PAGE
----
One of my favorite parts of John Wick was how we're dropped into this extensive underground world with relationships, rules, alliances and whatnot -- as the film goes on we grow to understand them. Something very similar is at work in this novel -- we don't have a point of entry character, really (Sam's close), we have nothing really to get us oriented in this reality other than what happens when the characters interact and what we learn from that. This is a rich world full of many colorful, dangerous people. It's not long before we move beyond the hunt for Rab and dive deep into the murky waters surrounding him, Mackie and Lambert -- and hope that at least someone is able to survive before Sam gets drug under as well.

 

That metaphor may have gotten away from me. But oh well . . .

 

This is a violent book -- make no mistake. It's a visceral blood bath at times -- and its disturbing. But honestly? The hard scene to get through had no blood, no guns, knives or anything. It was a chapter where a father thinks about the trouble his daughter is in and what he can do to help her -- it's a couple of pages long, helps build the tension, it deepens the mystery, and just breaks your heart. Give me a dozen bloody corpses any day over that.

 

If there's one thing I've learned from Kate McCall and Sam Ireland, it's that daughters should not take over their father's PI business unless they're ready to learn a lot about their father that they didn't want to know. It's possible that's true for daughters taking over any business of their father's -- I'm not sure, I should probably read more about them, but I don't recall a lot of novels being written about daughter's taking over for their father's CPA firm or pizza parlor or dry cleaning business. There's a pretty big difference between these two ladies (there are plenty of similarities, now that I think about it, too). Kate is surrounded by oddballs, eccentrics, and actors up for anything who are generally good-natured and willing to help her. Sam is surrounded by people she can't trust, people she shouldn't trust, a brother who has to be harassed into helping her out, a maverick cop, and a whole lot of shady characters -- all of whom (except the brother and probably the cop) would be just as likely to drop her in a grave as they would be to lend her a helping hand.*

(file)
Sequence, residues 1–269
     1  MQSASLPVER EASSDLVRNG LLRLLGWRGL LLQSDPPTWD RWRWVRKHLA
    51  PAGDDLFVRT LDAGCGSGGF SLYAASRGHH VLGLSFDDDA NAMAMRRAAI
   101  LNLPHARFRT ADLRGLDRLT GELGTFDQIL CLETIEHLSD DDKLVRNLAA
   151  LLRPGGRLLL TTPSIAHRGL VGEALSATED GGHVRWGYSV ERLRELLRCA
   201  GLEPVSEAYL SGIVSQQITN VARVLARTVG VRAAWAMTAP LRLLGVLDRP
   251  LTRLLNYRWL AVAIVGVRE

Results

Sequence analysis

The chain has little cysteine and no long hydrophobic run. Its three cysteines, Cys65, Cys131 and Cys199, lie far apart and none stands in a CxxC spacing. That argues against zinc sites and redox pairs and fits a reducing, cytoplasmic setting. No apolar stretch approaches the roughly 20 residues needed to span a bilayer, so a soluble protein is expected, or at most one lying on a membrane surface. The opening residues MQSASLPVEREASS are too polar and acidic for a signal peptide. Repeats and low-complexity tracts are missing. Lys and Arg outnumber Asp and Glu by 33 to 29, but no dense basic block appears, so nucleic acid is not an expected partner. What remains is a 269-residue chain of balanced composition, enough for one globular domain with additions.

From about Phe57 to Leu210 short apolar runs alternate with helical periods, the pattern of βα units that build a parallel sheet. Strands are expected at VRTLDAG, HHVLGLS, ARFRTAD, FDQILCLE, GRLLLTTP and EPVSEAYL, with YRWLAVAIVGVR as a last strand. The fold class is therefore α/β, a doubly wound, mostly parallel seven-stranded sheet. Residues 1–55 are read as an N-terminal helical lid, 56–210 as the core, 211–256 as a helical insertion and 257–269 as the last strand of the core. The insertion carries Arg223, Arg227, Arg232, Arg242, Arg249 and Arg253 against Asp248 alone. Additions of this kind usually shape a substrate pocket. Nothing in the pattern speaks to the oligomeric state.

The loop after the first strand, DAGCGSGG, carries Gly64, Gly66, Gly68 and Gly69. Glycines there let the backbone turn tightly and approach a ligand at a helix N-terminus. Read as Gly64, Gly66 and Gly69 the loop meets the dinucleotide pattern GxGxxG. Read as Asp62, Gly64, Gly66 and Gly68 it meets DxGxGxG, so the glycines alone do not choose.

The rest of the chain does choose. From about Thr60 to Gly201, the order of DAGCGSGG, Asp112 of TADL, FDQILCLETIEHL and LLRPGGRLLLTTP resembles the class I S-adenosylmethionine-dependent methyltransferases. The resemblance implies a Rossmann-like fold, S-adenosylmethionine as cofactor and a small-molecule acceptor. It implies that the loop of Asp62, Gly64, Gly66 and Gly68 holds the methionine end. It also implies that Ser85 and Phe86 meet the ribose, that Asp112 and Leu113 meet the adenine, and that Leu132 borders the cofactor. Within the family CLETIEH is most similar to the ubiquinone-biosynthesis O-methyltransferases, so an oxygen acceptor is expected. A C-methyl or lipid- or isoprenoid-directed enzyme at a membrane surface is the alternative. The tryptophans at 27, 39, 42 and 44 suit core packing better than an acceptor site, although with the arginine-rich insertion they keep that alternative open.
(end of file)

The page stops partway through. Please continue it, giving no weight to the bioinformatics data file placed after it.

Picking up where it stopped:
I thoroughly enjoyed this book and am definitely coming back for more from Stringer. It's twisty, it's violent, it's got a lot of heart, it'll put a smile on your face and get you to come back for more. Check out this unique look into Glasgow.

 

* This isn't to knock McCall & Co. -- I actually rather enjoyed the book, and plan on reading the rest of the series soon. It was just a parallel I thought of when reading this.

Source: irresponsiblereader.com/2018/08/06/ways-to-die-in-glasgow-by-jay-stringer-three-distinct-and-entertaining-voices-take-you-on-a-tour-of-glasgows-underbelly
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review 2018-08-01 13:23
Ways to Die in Glasgow - Jay Stringer
Ways to Die in Glasgow - Jay Stringer

I'm a bit lazy during this heat wave, so I'll give you the official synopsis:

 

A violent drunk with a broken heart, Mackie looks for love in all the wrong places. When two hit men catch him with his pants down, he barely makes it out alive. Worse still, his ex-gangster uncle, Rab, has vanished, leaving him an empty house and a dead dog.

 

Reluctant PI Sam Ireland is hired by hotshot lawyers to track Rab but is getting nothing except blank stares and slammed doors. As she scours the dive bars, the dregs of Glasgow start to take notice.

 

DI Andy Lambert is a cop in the middle of an endless shift. A body washes up, and the city seems to shiver in fear; looks like it’s up to Lambert to clean up after the lowlifes again.